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Old 28th August 2012, 20:17   #1  |  Link
Destructabomb
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What do you convert HD DVD audio to ? (E-ac3)

After finally figuring out how to convert Blu Ray to MKV Ive tried to do the same to some of my HD DVD collection. Video works fine but i was wondering what you guys tend to convert the audio to. Most videos contain the Dolby Digital plus audio and Ive tried to convert to Ac3 but it doesn't sound as good as the original which is disappointing. I have also tried FLAC although this sounds much better on the PC the audio will not work on any of my players. I was wondering if there was some compromise. For reference im using MakeMKV to copy the film to the HDD. I use ripbot for the video encoding (but separate the audio using TSmuxer beforehand to keep original when copying blu rays).

Any help would be great

Thanks
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Old 29th August 2012, 03:57   #2  |  Link
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That's quite surprising to me. AC3 at 640kbps is pretty damned good... Are you sure it's not just the placebo effect?

You could probably just preserve the E-AC3 audio. It's allowed in BluRay and will probably work on your standalone players.

Oh... moved to the Audio Encoding forum, as this thread has nothing to do with MPEG-4 AVC / H.264 encoding.

Last edited by Blue_MiSfit; 29th August 2012 at 04:27.
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Old 29th August 2012, 10:11   #3  |  Link
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E-AC3 on bluray is an optional codec, and allowed only for a 6.1/7.1 configuration, where the E-AC3 extension is for replacement of the rear channels only. Basically it works in a similar way to TrueHD or dts-HD. There's the AC3 5.1 core at 640Kbps (for players that doesn't support it) + the E-AC3 extension for rear channels. Total sum of bitrate is up to 3 Mbps. At those data-rates a TrueHD or dts-HD is a better solution. This also explain why there are no DD+ 5.1 on blurays.
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Old 29th August 2012, 10:58   #4  |  Link
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Quote:
Originally Posted by Destructabomb View Post
... it doesn't sound as good as the original which is disappointing...
What kind of videos have an audio so sensible to this reencoding?
There are people outthere that cannot distinguish an MP3 from a WAV it originates, so I assume there's an issue with the converter.
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Old 29th August 2012, 14:24   #5  |  Link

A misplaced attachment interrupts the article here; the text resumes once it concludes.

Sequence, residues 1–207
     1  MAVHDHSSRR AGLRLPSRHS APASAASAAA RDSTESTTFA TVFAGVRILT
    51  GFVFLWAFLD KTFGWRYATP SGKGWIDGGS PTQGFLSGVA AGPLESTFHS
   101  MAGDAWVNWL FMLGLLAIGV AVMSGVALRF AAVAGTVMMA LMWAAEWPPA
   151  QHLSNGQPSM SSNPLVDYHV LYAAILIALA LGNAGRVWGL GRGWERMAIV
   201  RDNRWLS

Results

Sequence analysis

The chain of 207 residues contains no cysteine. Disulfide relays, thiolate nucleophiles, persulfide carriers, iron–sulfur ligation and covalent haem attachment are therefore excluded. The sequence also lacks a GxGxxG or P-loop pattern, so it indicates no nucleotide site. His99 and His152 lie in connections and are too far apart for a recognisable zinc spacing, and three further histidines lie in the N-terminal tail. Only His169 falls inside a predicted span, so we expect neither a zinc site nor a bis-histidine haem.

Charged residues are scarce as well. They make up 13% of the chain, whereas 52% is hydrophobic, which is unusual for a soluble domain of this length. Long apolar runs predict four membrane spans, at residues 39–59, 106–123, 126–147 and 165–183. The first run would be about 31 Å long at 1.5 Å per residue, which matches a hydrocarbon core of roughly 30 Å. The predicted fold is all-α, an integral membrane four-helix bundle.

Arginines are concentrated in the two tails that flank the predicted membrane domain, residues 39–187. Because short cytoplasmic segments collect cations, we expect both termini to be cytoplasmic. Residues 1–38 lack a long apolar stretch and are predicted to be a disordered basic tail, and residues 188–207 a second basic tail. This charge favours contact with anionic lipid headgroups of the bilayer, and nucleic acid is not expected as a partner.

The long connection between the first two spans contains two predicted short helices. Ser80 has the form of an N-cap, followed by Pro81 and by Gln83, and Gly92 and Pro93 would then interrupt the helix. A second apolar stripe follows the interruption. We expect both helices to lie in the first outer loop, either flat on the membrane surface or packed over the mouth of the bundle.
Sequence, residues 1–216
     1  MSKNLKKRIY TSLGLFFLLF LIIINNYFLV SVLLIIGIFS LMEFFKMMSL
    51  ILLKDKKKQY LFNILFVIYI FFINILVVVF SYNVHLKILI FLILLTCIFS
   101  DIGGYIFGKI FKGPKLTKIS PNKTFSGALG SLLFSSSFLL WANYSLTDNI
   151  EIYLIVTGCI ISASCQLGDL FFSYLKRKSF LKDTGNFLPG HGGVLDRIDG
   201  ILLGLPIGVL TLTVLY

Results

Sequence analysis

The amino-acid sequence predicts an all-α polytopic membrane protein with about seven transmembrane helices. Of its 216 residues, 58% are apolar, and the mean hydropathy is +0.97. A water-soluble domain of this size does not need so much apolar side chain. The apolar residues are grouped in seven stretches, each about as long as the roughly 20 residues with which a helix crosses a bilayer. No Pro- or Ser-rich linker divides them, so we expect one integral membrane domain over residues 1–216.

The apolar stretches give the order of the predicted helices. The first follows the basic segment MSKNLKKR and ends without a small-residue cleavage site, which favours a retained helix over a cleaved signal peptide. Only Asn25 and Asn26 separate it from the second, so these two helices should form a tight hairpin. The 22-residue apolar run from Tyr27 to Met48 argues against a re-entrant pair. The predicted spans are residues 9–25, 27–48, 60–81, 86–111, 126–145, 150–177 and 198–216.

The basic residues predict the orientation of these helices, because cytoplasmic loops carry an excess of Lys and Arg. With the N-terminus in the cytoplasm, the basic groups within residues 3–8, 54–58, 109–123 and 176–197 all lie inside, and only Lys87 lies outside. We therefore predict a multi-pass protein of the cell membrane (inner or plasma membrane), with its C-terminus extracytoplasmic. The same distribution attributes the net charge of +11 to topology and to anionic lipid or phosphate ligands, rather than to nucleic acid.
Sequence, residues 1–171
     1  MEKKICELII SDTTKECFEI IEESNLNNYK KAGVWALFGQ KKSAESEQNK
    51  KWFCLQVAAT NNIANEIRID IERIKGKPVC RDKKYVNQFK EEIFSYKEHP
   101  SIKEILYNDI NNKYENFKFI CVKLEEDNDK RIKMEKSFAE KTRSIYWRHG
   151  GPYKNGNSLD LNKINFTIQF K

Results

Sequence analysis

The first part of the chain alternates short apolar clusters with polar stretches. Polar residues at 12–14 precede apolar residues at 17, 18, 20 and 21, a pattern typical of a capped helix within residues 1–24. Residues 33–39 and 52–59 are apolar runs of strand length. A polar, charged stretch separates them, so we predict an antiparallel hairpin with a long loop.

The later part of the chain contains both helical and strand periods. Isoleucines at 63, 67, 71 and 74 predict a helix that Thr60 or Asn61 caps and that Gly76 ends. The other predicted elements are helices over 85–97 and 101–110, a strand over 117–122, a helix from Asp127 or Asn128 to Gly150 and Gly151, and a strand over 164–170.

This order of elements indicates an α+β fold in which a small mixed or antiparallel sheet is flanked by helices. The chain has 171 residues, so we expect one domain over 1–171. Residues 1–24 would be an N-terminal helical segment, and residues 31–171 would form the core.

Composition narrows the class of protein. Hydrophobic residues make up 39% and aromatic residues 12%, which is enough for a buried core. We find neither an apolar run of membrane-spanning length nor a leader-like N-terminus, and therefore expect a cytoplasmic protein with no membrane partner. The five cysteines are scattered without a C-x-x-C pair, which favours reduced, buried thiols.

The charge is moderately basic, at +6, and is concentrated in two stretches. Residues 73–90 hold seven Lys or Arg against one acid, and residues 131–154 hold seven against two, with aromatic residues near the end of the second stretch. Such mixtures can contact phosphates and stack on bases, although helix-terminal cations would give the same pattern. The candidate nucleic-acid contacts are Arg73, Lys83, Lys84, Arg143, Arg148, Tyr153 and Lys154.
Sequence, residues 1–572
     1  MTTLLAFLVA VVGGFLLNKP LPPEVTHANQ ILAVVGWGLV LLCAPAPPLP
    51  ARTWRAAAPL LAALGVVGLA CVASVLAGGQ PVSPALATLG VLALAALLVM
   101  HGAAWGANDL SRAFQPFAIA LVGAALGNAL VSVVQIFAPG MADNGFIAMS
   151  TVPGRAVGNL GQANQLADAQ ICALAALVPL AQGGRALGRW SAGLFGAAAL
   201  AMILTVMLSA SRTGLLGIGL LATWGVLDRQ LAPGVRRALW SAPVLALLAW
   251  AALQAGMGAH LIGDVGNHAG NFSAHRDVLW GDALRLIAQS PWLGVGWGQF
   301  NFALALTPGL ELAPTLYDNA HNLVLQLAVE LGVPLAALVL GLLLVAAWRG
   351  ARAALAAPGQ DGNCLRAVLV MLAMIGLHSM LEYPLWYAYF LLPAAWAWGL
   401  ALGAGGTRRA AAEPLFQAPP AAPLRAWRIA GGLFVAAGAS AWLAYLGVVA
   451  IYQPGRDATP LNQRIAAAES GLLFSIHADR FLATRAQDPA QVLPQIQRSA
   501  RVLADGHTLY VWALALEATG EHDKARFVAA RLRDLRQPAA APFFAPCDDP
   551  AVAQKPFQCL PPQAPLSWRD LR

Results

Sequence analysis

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Just to let you know...

If you ever intend to upgrade to a network connected media player or "Smart TV" I can confirm that all my HD-DVD back-ups that contain Dolby Digital Plus audio (in .MKV) work perfectly. I'm also able to pass the Dolby Digital Plus bit-stream to an external surround sound amplifier via HDMI
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Old 29th August 2012, 16:26   #6  |  Link
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Thanks for the help everyone. Just to inform ive tried another video "Hot Fuzz" with a 5.1 E-Ac3 soundtrack on my players. The video works no problem but the audio is not. How would i go about extracting the AC3 "Core" from this soundtrack. The hot fuzz track is "Dolby Digital Plus 5.1ex". I have the audio and video separated so only need to put back together using mkvmerge. In response to Ghitulescu i once tried the audio with these using vidcoder (this was before i started to separate the audio and video files as i now do) using the AC3 FFMPEG option. I could tell a lack of quality was happening due to the fact that during the main action scenes the gun effects sounded completely different. I compared the original to the new one i had done and it was instantly noticeable. If there was a way for myself to extract the core from the Dolby Digital plus im assuming there wouldnt be this lack in quality ?

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Old 29th August 2012, 16:30   #7  |  Link
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Originally Posted by Destructabomb View Post
Thanks for the help everyone. Just to inform ive tried another video "Hot Fuzz" with a 5.1 E-Ac3 soundtrack on my players. The video works no problem but the audio is not.